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Ch6 Viscosity

# Ch6 Viscosity - CHAPTER 6 Viscosity of Glass Forming Melts...

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CHAPTER 6 Viscosity of Glass Forming Melts 1 INTRODUCTION The kinetic model of glass formation indicates that the temperature dependence of the viscosity plays a major role in determining the ease of glass formation for any melt. Glasses are most easily formed if either (a) the viscosity is very high at the melting temperature of the crystalline phase which would form from the melt, or (b) if the viscosity increases very rapidly with decreasing temperature. In either case, crystallization is impeded by the kinetic barrier to atomic rearrangement which results from a high viscosity. In addition to controlling the ease of glass formation, viscosity is also very important in determining the melting conditions necessary to form a bubble-free, homogeneous melt, the temperature of annealing to remove internal stresses, and the temperature range used to form commercial products. The viscosity also determines the upper use temperature of any glass object and the conditions under which devitri- fication (crystallization) may occur. The very high viscosity encountered in the glass transformation range leads to viscoelastic behavior, and to time dependence in many of the properties of the melt. 2 VISCOSITY DEFINITIONS AND TERMINOLOGY Viscosity is a measure of the resistance of a liquid to shear deformation, i.e., a measure of the ratio between the applied shearing force and the rate of flow of the liquid. If a tangential force difference, F, is applied to two parallel planes of area, A, which are separated by a distance, d, the viscosity, q, is given by the expression: Fd v=- Av 111

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112 Chapter 6 where v is the relative velocity of the two planes. If the velocity varies directly with the applied shear force, the viscosity is independent of force and the liquid is said to behave as a Newtonian liquid. At high shear stresses, many glass forming melts exhibit an apparent decrease in viscosity with increasing shear stress. This form of non-Newtonian behavior is known as pseudoplastic flow, or shear thinning, and is important in high shear rate forming processes. The original unit for viscosity was based on the cgs system, where the viscosity is given in dyne s cm-2. This unit, which is termed a Poise and given the symbol P, is used in virtually all literature prior to 1970 and is still used extensively throughout the glass industry. In SI units, which have replaced cgs units in much of the recent literature, viscosity is given in N s m-2, or, since a Pascal is a N m-2, the viscosity is reported in Pa s. Since 1 Pa s = 10 P, the conversion of viscosity data from one unit to the other is very straightforward, The viscosity of water at room temperature is = 0.01 P, or 0.001 Pa s. Fluidity is the reciprocal of the viscosity. A melt with a large fluidity will flow readily, whereas a melt with a large viscosity has a large resistance to flow. While fluidity is often used in dealing with ordinary liquids, virtually all literature dealing with glass forming melts discusses flow behavior in terms of the viscosity.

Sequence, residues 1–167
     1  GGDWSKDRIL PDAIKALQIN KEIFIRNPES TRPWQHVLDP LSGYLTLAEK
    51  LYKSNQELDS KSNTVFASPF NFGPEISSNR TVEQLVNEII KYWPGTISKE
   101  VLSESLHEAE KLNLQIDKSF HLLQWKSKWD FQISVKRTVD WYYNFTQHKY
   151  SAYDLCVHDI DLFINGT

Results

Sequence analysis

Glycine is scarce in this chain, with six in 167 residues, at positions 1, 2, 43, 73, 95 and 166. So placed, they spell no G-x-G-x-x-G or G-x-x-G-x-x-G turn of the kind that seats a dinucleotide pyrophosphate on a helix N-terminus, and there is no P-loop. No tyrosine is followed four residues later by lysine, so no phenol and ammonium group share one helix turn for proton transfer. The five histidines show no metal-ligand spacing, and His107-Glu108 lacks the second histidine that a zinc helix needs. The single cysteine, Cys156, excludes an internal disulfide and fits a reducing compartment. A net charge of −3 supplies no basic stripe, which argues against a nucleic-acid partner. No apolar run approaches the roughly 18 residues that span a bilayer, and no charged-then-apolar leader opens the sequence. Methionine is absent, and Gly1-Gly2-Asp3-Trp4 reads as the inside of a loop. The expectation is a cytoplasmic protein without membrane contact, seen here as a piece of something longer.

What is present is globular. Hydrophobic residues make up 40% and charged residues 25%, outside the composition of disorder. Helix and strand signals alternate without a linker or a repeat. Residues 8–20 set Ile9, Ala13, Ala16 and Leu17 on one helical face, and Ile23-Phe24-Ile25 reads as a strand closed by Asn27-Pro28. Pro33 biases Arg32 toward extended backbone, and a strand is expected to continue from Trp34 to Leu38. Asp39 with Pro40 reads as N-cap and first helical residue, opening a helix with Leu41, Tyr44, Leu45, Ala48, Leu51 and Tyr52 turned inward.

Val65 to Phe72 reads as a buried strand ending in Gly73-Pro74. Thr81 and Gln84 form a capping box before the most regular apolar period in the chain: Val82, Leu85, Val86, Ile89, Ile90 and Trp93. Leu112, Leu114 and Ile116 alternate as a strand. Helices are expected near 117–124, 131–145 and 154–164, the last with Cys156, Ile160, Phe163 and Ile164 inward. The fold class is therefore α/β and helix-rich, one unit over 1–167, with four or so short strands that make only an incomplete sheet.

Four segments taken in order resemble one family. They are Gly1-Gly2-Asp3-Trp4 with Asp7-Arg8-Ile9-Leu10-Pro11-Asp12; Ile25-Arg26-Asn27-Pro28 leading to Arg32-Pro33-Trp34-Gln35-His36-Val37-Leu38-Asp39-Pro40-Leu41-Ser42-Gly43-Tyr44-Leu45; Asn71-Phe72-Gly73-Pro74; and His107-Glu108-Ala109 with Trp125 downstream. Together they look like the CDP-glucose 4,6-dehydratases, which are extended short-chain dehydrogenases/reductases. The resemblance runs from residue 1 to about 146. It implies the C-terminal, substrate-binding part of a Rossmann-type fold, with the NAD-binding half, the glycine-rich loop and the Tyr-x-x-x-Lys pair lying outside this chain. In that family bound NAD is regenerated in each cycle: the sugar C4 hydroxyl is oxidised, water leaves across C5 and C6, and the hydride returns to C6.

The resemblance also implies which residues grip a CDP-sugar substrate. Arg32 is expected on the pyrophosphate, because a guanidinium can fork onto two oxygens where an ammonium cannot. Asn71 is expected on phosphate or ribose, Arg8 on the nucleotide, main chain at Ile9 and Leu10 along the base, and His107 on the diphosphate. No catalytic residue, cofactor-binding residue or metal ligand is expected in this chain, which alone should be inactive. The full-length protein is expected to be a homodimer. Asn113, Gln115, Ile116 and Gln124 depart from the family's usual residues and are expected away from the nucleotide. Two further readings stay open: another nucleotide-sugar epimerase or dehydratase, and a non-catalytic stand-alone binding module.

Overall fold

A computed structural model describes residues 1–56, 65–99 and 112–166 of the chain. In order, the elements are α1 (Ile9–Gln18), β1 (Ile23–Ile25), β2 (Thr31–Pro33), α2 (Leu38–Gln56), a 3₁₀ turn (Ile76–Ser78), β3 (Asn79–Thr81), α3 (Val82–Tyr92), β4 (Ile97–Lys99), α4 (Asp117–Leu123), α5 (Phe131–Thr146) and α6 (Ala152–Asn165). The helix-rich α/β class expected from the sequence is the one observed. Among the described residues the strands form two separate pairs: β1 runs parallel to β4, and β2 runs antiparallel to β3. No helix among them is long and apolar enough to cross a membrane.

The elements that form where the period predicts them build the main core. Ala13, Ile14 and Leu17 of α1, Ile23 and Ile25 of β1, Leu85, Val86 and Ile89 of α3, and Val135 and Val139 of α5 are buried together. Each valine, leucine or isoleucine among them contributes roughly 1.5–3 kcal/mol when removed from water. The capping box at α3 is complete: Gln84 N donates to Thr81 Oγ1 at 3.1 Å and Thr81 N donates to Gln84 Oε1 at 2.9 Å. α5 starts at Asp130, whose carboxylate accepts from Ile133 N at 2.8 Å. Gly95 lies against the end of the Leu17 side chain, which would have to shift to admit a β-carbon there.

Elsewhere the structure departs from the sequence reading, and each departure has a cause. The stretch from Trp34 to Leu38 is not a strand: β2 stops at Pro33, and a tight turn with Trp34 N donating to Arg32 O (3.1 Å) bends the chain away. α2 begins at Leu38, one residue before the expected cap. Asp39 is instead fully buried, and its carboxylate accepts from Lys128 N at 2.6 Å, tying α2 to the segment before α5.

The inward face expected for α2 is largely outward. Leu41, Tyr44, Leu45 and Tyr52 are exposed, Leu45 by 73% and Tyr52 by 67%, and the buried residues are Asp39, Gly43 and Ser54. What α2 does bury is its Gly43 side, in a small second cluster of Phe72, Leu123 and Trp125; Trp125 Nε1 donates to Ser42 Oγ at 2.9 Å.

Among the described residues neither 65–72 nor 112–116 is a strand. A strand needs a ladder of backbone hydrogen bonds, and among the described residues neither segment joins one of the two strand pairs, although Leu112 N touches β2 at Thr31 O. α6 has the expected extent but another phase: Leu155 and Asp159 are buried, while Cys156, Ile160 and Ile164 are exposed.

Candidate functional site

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Ch6 Viscosity - CHAPTER 6 Viscosity of Glass Forming Melts...

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